Friday, June 6, 2014

Kasabian- 48 13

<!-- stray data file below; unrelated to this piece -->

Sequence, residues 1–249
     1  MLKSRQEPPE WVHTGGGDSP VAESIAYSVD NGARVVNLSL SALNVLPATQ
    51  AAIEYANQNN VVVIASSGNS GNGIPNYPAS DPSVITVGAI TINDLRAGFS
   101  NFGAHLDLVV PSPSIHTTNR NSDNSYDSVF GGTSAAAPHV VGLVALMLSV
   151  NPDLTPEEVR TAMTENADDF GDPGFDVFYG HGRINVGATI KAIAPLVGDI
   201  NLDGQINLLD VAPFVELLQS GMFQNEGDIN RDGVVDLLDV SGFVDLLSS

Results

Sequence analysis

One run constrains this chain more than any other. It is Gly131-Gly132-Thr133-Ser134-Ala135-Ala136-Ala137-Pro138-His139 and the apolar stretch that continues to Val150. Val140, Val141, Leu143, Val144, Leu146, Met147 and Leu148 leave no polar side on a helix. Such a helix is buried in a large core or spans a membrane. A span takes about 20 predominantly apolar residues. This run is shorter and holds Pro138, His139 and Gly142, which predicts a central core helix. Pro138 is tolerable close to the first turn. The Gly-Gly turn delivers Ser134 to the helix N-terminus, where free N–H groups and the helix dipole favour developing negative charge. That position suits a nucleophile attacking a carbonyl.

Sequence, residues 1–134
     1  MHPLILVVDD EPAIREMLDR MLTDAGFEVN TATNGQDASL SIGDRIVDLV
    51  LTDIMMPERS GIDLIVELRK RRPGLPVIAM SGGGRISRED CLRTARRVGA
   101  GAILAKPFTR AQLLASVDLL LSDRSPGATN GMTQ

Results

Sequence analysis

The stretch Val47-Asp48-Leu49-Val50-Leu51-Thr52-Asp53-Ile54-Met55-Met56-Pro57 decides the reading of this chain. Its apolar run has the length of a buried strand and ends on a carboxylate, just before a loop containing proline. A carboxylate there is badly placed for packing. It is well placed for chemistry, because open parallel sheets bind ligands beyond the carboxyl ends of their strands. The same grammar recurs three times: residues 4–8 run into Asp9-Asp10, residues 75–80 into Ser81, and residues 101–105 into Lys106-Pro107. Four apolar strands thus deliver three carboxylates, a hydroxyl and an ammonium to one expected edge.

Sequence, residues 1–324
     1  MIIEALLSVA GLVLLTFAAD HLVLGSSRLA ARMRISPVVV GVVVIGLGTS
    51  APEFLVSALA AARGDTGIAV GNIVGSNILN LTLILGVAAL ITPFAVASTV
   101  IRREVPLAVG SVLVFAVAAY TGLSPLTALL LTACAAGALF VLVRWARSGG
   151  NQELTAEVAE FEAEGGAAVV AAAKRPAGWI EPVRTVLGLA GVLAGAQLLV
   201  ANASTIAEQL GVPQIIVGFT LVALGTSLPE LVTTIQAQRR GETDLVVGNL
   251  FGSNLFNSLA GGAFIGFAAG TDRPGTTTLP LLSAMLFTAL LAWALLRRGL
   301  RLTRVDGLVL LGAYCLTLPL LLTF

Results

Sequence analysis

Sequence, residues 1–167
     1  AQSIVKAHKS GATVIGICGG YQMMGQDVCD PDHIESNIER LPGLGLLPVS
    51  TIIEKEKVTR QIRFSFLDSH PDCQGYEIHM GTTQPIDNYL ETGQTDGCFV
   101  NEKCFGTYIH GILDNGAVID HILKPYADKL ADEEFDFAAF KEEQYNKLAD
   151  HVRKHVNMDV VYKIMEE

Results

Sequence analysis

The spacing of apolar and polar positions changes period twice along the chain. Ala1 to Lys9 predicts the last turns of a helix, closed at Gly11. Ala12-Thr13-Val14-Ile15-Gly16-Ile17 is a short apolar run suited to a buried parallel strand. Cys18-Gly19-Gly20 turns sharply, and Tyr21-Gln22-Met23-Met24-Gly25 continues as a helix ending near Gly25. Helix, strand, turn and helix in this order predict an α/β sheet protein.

ok, you can give me crap for liking a band that's going to headline Glastonbury. I understand it. But, here's the thing- yes, Radiohead, Explosions in the Sky, Mogwai, etc, etc ad nauseum are pushing guitar music forward, but who's pushing Rock music forward? Apart from fairly underground noise, metal and crust bands, there's no one on the national scene who's trying to push rock music forward. Whether you're talking Jack White or the Black Keys, Queens of the Stone Age or Kings of Leon, there's plenty of rock music out there, and most of it is looking backwards. I don't mind, as I enjoy certain things that are retro, and some sounds haven't been explored enough, but I honestly think there are only a handful of acts that can play stadiums that are genuinely trying to make rock music, and trying to make that rock music go in a direction it hasn't gone before. On the European continent, you've got dEUS, and Kashmir, and Ghinzu. But in the UK, I think Kasabian are really it, the only ones. By combining their Oasis-style Brit Rock with Kraftwork, and Tangerine Dream, and electronics from Italian horror movies, then harnessing a Hip Hop sense of percussion, it genuinely sounds new and different, but with a definite "rock sensibility". It doesn't sound like disco, and it doesn't sound like post-rock, it sounds like the same kind of music that put Britain on the map, from the Beatles to Blur. I think the thing that keeps them off of critics' lists is simple- lyrically, they're thick as bricks. I don't know when it got conflated, but I've got a good guess that it's a Baby Boom thing, that music critics expect musicians to be articulate and literate. Certainly, some are, but I never thought of musical talent as necessarily translating into verbal talent. Actually, from most of the musicians I know, I think it might be antithetical. Seriously, if Tom Morello really had the words for what he wants, would he play a guitar? If Mark Lanegan  could write as well as he sings, why would he sing? He'd be better off writing scripts. No, the best musicians are musicians because their best talents are musical. That doesn't mean that I don't appreciate thoughtful, witty, and insightful lyrics, only that I don't think it's necessary for the music to be good.But, you see, most music critics are basically English majors. They're writers, first, and music lovers second. Well, I make no bones about it- I'm no writer. I bet there are a dozen grammatical errors, and a score of spelling errors in this paragraph alone, and I bet that my structure is laughable. I'm clearly a music lover much more than an appreciator of poetry. So, yes, Kasabian write some pretty dumb lyrics, and not even ironically dumb like the Ramones or something. That doesn't matter. What matters is that they write anthemic, syncopated rock music that people can dance along happily while listening to it. For Rock music that really is the final word. Tracks like "Stevie", "Eez-eh", "Doomsday" "Bow" and "Bumblebee" are great rock songs, but they're off kilter and psychedelic with synth lines cribbed from a Dario Argente movie and beats that don't quite add up. It's like the Happy Mondays got infiltrated by Suicide and Eric B. Which is to say, it's definitely new, and different. I think that's genius enough.

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